Adaptive and Evolvable Software Systems:
Techniques, Tools, and Applications

A HICSS Mini-Track 
3-6 January 2007


Hilton Waikoloa Village

Big Island, HI, USA



Left to right: Bill Griswold, Jeff Gray, Jennifer Baldwin, D'Arcy Walsh, Eric Van Wyk, Shangping Ren, Pedro Clemente, Celina Gibbs



"... program structure should be such as to anticipate its adaptations and modifications. Our program should not only reflect (by structure) our understanding of it, but it should also be clear from its structure what sort of adaptations can be catered for smoothly."     [Dijkstra]

A longstanding goal in software development is to construct programs that are easily modified and extended. The desired result is to achieve modularization such that a change in a design decision is isolated to one location of a program. The proliferation of software in everyday life (e.g., embedded systems found in automobiles, mobile phones, and television sets) has increased the conformity and invisibility of software. As demands for such software increase, future requirements will necessitate new strategies for improved modularization in order to support the requisite adaptations.

Software's ability to adapt is actually partitioned among two stages: modifiability during development, and adaptation during execution. The first type of adaptation is concerned with design-time, or compile-time, techniques that permit the modification of the structure and function of a software representation in order to address changing stakeholder  requirements. To support such evolution, techniques such as aspect-oriented programming, and object-oriented frameworks, are but a few of the ideas that have shown promise in assisting a developer in the isolation of points of variation and configurability.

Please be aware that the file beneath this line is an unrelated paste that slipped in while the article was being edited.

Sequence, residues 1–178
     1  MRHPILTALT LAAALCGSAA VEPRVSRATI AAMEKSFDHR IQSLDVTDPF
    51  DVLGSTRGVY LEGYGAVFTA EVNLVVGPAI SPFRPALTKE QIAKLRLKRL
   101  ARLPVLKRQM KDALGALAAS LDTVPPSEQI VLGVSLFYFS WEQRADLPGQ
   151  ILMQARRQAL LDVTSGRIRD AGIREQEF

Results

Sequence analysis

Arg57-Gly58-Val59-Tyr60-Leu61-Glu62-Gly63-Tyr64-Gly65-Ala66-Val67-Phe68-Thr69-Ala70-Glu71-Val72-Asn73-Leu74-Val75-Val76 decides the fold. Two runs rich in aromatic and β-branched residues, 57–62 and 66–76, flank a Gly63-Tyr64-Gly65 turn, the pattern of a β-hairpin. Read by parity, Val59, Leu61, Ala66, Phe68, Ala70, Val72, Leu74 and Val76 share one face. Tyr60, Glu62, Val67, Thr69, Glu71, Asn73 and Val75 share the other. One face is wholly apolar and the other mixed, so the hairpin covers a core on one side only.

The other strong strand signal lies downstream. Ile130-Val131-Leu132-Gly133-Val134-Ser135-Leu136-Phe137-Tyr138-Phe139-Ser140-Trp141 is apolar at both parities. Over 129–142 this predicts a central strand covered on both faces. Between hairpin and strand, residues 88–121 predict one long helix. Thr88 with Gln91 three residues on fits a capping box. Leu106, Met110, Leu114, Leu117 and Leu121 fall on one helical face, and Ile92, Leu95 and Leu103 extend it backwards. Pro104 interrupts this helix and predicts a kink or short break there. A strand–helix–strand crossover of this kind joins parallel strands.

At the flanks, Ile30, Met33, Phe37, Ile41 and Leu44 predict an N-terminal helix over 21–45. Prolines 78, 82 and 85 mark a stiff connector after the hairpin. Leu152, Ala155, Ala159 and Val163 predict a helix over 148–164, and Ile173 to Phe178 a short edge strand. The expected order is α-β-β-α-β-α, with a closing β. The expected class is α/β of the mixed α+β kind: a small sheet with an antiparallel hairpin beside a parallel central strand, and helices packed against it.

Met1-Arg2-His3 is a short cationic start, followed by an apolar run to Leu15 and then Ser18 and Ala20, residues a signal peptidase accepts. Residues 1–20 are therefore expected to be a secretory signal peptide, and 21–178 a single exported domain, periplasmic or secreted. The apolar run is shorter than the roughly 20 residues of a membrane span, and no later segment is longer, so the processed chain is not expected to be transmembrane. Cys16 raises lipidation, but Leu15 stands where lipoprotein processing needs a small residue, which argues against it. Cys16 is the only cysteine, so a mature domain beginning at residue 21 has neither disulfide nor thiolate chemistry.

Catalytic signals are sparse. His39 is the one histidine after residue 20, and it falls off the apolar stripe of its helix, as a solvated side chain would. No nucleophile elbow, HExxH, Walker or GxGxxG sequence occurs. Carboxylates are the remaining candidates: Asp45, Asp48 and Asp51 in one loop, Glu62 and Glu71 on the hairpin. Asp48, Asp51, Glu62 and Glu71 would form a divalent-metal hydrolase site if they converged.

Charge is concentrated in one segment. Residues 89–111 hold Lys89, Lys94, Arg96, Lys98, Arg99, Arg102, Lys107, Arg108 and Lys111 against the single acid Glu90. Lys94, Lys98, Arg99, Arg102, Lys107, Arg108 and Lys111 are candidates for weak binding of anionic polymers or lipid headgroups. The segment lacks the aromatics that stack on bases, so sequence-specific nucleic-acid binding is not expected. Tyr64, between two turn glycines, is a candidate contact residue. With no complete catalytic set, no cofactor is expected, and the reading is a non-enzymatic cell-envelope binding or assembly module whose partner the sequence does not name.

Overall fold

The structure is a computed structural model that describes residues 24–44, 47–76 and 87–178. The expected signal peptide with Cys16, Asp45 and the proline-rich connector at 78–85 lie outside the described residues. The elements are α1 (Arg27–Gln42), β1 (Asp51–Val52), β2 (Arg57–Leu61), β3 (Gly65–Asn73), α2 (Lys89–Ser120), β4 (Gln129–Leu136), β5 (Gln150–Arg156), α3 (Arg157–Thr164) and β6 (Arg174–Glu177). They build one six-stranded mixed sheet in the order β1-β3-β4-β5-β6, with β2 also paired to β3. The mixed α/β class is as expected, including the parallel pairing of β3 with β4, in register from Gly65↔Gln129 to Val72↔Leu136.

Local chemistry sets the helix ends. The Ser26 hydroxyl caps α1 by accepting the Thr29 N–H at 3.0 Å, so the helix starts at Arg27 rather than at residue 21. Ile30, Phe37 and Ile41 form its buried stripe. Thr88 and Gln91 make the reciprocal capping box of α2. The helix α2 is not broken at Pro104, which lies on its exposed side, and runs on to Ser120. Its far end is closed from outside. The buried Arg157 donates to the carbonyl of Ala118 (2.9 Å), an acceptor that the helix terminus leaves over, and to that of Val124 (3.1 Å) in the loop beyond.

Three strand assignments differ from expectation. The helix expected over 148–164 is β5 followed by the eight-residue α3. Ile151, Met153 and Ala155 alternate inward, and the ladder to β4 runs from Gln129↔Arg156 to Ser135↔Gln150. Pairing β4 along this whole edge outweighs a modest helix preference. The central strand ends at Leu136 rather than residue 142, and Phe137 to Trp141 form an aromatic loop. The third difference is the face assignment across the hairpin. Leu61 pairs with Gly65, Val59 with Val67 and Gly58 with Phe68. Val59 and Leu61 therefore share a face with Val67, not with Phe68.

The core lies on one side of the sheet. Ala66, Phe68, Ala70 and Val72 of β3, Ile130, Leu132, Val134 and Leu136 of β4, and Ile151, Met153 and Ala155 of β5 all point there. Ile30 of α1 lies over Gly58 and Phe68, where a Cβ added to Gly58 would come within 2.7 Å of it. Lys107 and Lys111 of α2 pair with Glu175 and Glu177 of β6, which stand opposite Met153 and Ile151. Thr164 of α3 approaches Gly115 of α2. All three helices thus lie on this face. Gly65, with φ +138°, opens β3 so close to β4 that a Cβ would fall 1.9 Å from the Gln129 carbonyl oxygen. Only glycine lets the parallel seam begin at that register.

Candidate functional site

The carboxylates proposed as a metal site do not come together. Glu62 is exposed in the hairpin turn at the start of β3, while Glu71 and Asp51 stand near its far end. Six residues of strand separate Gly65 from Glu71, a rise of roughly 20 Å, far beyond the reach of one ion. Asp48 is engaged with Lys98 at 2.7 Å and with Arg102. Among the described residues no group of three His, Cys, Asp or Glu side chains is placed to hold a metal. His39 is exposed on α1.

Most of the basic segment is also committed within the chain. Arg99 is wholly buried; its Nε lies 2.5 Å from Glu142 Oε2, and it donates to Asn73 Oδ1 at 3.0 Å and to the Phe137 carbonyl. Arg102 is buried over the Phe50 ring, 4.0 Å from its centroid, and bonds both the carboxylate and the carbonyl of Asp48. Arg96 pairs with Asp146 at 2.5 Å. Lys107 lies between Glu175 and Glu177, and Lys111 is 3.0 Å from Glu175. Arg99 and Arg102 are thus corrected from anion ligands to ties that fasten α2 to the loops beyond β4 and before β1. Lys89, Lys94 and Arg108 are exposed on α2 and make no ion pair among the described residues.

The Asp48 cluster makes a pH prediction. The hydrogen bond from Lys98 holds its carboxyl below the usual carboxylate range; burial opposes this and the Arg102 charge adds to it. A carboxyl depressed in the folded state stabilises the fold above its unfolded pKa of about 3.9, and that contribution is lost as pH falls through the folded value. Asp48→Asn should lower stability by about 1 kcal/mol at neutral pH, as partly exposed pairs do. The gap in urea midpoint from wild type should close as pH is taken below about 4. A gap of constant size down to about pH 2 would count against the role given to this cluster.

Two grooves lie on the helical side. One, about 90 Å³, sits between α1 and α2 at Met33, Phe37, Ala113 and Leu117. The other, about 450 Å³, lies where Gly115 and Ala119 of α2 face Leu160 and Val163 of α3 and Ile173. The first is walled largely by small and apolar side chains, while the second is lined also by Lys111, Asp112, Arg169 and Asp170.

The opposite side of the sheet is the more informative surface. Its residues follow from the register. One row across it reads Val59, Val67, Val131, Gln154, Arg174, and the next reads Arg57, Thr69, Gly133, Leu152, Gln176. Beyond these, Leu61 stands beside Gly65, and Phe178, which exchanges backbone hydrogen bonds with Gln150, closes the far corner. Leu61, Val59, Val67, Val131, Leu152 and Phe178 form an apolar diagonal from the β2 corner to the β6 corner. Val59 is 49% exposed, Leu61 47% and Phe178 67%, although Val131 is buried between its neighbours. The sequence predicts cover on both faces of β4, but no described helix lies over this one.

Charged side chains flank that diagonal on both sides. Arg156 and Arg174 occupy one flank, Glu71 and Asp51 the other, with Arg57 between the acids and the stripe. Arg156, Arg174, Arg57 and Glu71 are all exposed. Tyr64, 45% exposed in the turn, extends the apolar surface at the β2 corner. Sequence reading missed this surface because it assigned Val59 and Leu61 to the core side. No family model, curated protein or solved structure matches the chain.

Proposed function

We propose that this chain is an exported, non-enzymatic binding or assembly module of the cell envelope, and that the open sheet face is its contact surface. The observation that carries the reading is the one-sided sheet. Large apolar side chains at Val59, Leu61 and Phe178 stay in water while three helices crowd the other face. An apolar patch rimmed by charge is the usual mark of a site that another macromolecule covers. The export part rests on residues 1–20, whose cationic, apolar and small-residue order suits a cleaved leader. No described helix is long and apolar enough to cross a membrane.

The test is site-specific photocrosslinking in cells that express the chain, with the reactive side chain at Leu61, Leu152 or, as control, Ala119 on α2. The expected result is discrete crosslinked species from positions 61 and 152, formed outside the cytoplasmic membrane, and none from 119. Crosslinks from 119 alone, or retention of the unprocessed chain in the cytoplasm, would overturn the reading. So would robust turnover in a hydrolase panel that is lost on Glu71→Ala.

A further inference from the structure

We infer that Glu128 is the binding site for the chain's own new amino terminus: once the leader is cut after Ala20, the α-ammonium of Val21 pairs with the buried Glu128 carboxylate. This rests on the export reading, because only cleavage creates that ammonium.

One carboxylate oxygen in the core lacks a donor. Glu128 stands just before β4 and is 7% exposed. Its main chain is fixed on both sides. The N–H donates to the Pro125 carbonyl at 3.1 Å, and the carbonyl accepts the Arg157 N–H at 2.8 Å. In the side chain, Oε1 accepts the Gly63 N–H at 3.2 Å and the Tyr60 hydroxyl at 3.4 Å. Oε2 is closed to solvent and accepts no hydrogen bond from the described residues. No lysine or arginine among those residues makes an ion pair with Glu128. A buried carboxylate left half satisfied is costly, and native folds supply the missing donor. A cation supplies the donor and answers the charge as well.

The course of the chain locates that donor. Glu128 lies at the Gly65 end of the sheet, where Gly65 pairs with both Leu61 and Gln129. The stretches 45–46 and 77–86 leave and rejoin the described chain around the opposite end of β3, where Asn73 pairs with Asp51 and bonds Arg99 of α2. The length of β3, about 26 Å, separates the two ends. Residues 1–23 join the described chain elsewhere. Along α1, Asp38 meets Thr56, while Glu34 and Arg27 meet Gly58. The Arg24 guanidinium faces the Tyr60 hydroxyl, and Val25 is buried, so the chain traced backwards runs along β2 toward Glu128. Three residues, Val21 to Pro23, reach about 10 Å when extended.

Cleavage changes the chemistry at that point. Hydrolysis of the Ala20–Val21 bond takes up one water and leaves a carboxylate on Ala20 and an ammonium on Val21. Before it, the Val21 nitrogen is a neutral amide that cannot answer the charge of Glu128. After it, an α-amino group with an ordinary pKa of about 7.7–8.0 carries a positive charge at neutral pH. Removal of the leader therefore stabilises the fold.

The second type of adaptation occurs at run-time during the execution of the program. This type of adaptation refers to a system's ability to modify itself and to respond to changing conditions in its external environment. To accommodate such changes, research in meta-programming and reflection have offered some recourse, especially in the area of adaptive middleware.

This mini-track will be based on the novel results of researchers and practitioners actively involved in the development of software systems that can adapt to requirements change, and/or the execution environment in which they run. The mini-track should be appealing to anyone with interests in:

    a) Generative Programming
    b) Meta-programming and Reflection
    c) Aspect-Oriented Software Development
    d) Adaptive and Reflective Middleware
    e) Model-Driven Architecture
    f) Object-Oriented Frameworks

The purpose of the mini-track is to bring together an international audience of researchers and practitioners with similar interests and experience. The mini-track will focus principally on practical issues such as the design and implementation of software that is easily modifiable. The mini-track seeks novel applications of research that extend the capabilities of software engineering practice as it relates to a program's ability to adapt to evolving requirements and a changing environment.